Red velvet sandwich cookies

Did you know Valentine's Day is also the start of red velvet season? Make a cute and trendy dessert for your sweetheart with these sandwich cookies with heart-shaped cutouts. 

By , Whipped, The Blog

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    Show your love this Valentine's with these red velvet sandwich cookies.
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Red velvet is today’s culinary “it” girl. There are dozens of dedicated Pinterest boards, devoted red velvet enthusiasts, and concoctions of all forms. I think red velvet, the old Southern favorite, is at top of its bell curve. If you aren’t a fan, you may be rolling your eyes at every pancake recipe or cake pop. But, if you are like me, you are relishing in the light of its fame. I’m no fair-weather fan – I pledged my love years ago and I will be faithful when red velvet tips over the top of this roller coaster and lands on the “out” lists. 

I used to recognize Valentine’s Day as the commercial holiday it is. As a kid, I enjoyed candy hearts as much as the next sugar fiend but as I matured, I never required my love interests to make a big deal of the holiday. However, 16 years ago, I met my husband on Valentine’s Day and the day took on a more real meaning.

Fourteen years later, our second daughter (lovingly known as Baby Whipped) was born on Valentine’s Day. This year, as she approaches her second birthday, I’ve got the Valentine’s fever. Hearts, candies, gifts, special dinners, sappy sentiments… BRING it on. My heart is bursting.

Recommended: 14 sweet recipes for Valentine's Day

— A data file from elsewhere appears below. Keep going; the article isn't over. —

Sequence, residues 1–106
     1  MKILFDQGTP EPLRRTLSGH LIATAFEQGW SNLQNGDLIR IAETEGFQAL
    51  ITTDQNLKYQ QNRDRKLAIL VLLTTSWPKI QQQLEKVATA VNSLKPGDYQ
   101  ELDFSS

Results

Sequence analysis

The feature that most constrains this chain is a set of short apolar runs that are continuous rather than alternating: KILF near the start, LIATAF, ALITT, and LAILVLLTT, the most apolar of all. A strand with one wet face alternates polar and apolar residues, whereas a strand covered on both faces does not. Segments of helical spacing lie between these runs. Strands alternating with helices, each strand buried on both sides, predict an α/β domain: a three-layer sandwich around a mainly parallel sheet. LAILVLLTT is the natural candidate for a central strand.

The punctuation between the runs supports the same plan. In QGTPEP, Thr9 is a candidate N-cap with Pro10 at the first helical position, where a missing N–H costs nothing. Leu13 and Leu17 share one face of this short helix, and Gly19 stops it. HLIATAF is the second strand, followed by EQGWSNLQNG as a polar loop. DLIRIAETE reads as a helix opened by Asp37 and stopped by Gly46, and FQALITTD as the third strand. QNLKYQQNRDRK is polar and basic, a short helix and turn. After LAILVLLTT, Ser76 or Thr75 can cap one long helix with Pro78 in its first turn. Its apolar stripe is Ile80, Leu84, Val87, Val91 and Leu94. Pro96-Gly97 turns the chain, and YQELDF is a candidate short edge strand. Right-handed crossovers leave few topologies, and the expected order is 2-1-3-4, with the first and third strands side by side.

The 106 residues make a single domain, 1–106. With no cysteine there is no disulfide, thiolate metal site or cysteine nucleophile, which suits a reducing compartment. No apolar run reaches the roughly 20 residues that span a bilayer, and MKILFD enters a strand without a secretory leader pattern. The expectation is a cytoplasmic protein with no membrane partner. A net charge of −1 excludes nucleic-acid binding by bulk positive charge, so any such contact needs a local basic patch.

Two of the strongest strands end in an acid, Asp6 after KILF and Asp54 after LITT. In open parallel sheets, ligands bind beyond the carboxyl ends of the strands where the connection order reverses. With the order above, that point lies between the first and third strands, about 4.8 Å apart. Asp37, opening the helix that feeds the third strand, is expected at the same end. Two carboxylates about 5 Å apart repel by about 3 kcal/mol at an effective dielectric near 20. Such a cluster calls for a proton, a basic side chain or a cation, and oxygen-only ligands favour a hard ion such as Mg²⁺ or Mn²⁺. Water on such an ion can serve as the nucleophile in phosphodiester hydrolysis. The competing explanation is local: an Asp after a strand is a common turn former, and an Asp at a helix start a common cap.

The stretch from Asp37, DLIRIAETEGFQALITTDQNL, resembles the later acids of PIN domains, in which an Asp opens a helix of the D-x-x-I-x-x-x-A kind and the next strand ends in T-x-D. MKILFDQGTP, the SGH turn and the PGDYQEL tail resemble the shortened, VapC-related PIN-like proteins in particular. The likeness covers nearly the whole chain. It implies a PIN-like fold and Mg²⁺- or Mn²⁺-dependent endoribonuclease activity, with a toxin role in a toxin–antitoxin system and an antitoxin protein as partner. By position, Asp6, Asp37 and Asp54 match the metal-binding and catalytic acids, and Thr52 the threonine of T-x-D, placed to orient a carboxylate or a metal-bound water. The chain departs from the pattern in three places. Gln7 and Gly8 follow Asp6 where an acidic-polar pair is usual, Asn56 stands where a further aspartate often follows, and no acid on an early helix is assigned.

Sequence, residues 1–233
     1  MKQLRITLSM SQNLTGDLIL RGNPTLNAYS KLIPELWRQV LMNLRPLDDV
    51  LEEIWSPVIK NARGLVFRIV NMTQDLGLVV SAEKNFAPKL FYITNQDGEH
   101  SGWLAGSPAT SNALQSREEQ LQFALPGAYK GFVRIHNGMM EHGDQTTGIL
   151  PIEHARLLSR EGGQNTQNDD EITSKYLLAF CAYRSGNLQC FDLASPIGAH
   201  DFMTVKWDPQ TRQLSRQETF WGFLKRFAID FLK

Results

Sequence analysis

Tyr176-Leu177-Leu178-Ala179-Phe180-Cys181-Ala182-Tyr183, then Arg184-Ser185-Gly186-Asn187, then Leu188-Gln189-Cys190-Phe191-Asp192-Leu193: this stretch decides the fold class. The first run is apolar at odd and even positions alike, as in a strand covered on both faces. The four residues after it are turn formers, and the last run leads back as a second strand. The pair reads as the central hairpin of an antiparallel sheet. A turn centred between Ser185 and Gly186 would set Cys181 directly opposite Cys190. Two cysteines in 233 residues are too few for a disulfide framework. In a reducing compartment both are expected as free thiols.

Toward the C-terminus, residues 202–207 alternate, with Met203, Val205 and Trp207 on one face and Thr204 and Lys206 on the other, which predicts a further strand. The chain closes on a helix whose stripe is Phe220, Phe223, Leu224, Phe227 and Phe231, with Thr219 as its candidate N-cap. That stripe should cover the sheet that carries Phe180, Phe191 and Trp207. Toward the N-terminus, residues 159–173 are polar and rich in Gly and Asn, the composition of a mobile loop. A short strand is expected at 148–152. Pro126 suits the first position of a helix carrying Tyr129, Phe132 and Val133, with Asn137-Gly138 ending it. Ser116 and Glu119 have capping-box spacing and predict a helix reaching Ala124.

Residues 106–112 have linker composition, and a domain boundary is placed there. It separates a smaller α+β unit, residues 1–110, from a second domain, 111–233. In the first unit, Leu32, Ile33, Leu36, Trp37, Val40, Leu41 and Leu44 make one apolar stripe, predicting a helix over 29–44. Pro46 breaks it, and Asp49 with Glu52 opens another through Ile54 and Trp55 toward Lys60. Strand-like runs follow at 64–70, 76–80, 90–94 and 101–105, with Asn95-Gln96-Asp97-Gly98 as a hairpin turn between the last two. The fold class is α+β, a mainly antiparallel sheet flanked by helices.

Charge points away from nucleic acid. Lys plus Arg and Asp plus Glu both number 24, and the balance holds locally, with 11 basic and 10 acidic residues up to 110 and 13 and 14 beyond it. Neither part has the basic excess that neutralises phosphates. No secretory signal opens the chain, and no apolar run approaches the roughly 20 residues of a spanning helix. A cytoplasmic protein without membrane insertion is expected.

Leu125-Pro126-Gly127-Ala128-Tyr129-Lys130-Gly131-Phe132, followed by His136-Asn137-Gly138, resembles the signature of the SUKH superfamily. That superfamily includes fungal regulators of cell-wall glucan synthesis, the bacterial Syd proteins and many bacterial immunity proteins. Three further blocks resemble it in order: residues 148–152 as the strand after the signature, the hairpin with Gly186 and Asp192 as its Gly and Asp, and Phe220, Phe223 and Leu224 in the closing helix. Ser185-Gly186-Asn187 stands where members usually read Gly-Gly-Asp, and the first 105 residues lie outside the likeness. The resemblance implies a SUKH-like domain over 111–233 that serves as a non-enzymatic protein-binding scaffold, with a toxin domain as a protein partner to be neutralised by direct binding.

This year, we decided to try a new red velvet recipe. These sandwich cookies were chosen in part so I could employ my favorite Linzer cookie cutter. The method of spreading out the batter is a little fussy. But, we loved the flavor of the cookies and the consistency. For almost a week, they lived on our counter in an air tight container and stayed soft.

Red velvet sandwich cookies
From Krissy’s Creations recipe

1 cup all purpose flour

2 tablespoon cocoa powder

3/4 cup sugar

1/2 teaspoon baking powder

1/4 teaspoon salt

1/2 cup unsalted butter, at room temperature

3 tablespoon milk

1 tablespoon red food coloring

1 tablespoon apple cider vinegar

1 teaspoon baking soda

2-inch round cookie cutter

For the cream filling:

1/2 cup shortening

1/2 cup butter

2 cups confectioners sugar

2 teaspoons pure vanilla extract

Directions:

Preheat oven to 350 degrees F.

In the bowl of a stand mixer, whisk together the flour, cocoa powder, sugar, baking powder, and salt. Add the butter and milk and beat until incorporated. Mix in the red food coloring. Combine the vinegar and baking soda in a small bowl, and then mix into the batter.

Transfer the batter to a sheet pan lined with a silicone mat or parchment paper. Using an offset spatula spread the batter until it reaches the edges of the pan and has evened out. Bake the large cookie until it has set, about 12-14 minutes. The edges make be crunchy but the center will spring back to your touch. Remove from the oven and let cool until its warm.

While the cookie is cooling, make the cream filling. In the bowl of a stand mixer, beat together the shortening and butter. Add the confectioners sugar and beat until smooth and fluffy, about 3 minutes. Mix in the vanilla.

Transfer the filling to a piping bag filled with a large round tip.

When the cookie is just slightly warm, carefully transfer the large cookie to a clean surface. Using a 2-inch round cookie cutter cut out the cookies leaving as little scraps as possible. Place the cookies in pairs, side-by-side. Pipe small rounds of cream filling on one cookie of each pair, top with the other cookie. Serve and enjoy!

These cookies last up to six days in a sealed container.

The Christian Science Monitor has assembled a diverse group of food bloggers. Our guest bloggers are not employed or directed by The Monitor and the views expressed are the bloggers' own and they are responsible for the content of their blogs and their recipes. All readers are free to make ingredient substitutions to satisfy their dietary preferences, including not using wine (or substituting cooking wine) when a recipe calls for it. To contact us about a blogger, click here.

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